To build a cadre of qualified students with the developed interfaith skills and leadership qualities, BYU Religious Education helped provide funding to four BYU students (Nick Hainsworth, Lauren Cranor, Haley Kendall, and Thomas Britt) to attend the Interfaith Youth Core (IFYC) Interfaith Leadership Institute (ILI) in Chicago in August 2019. After Eboo Patel’s visit to Brigham Young University earlier this year, the club established a desire to participate in this training program and learn how to improve interfaith efforts on campus. While at ILI, students participated in small-group learning cohorts to develop their interfaith skills and formulate programming to initiate at BYU upon their return. BYU students engaged with students from Loyola Marymount University, Utah Valley University, and other students from across the United States. Lauren Cranor, one of the BYU students who attended the ILI, reflected on the experience in this way: “There is nothing to lose and everything to gain from attending IFYC and the Interfaith Club at BYU. These two safe spaces are the most efficient ways to educate our community on how to recognize, relate to, and interact or learn to interact with people of different faiths. It is increasingly more difficult to learn these skills, as we often choose to surround ourselves with people of our same faith, but it is a necessary skill to be able to socialize and work with people that are different from us. IFYC and the Interfaith Club are our best shot at becoming the people we need to become in order to help all of God’s children.” One of the results of ILI for BYU students is the continuation of training in connection with Utah Valley University’s Interfaith Council and Reflection Center Staff. Together with Ellie Thompson (Reflection Center Coordinator) and Laura Guerrero (Philosophy, UVU), we invited students interested in working further on interfaith leadership skills and programming. In November, students from both campuses began planning a joint event for February 2020 as part of the IFYC Better Together Days 2020.
To date, the Interfaith Club has hosted various events and activities to bring the campus clubs and community members together. Recent events (held in the fall 2019 semester) include an interfaith panel with students at BYU, a service activity with members of the BYU Newman Club and USGA where they knitted hats and scarfs for the Provo Refugee Center, and a personal interfaith storytelling training and dialogue with Pastor Logan Wolf and local members of CrossPoint Church where students and community members learned and then employed the club’s rules for good interfaith work. These rules for interfaith dialogue include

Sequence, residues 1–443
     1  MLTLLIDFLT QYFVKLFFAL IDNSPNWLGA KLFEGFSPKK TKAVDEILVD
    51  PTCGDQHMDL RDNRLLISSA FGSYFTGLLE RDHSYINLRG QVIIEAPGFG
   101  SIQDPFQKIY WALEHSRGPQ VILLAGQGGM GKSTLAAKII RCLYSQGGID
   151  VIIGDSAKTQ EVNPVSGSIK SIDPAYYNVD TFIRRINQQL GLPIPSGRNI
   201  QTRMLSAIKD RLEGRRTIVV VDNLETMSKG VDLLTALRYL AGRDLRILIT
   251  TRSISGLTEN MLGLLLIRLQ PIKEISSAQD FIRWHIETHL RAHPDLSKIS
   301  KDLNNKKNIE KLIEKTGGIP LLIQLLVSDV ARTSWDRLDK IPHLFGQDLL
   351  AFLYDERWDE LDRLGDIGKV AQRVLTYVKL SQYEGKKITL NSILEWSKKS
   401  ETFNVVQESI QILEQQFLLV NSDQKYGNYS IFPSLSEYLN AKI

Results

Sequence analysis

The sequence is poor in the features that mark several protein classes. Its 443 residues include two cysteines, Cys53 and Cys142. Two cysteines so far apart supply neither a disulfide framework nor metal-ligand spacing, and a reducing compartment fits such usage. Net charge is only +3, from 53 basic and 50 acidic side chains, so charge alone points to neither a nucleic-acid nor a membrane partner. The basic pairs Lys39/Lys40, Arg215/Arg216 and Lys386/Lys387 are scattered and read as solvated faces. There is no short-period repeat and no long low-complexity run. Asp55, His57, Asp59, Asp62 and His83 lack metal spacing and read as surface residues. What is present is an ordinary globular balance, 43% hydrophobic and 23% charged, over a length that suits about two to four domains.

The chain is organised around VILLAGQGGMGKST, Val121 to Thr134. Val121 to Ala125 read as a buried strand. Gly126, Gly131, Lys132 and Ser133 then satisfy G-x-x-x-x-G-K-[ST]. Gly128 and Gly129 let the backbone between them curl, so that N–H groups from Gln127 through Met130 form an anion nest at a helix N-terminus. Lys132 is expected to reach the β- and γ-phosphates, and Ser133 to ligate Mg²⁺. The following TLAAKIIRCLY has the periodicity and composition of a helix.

- Using “I” instead of “we” statements (e.g., I believe that . . .)
- Seek first to understand and to be understood
- Seek appreciative knowledge
- Assume the best of intentions in others
These rules allow members of the club to speak for themselves and their experience without assuming to speak for their community at large. Brady Early, who organized the dialogue with local members from CrossPoint Church, sees his participation in the interfaith club as personally important for his own development. Early suggested, “Participating in the club helps me to find greater meaning and purpose in my own beliefs as I learn more about the beliefs of others. The activities remind me how others care just as deeply about their beliefs as I do about my own.”
Through such interactions, students can build practical skills that can be readily employed in their future careers, in community leadership, and in religious service. As lifelong learners, these students leave BYU with the ability to work with those of other traditions while appreciating the uniqueness of their own experience and community.
These activities and dialogues provide students a unique opportunity to learn from others about their faith, their journey, their values and build relationships through deepened understanding and commitment to learning more. At the core, the club aims to strengthen spirituality across campus, provide significant academic enrichment, and build service as a central component of our engagement.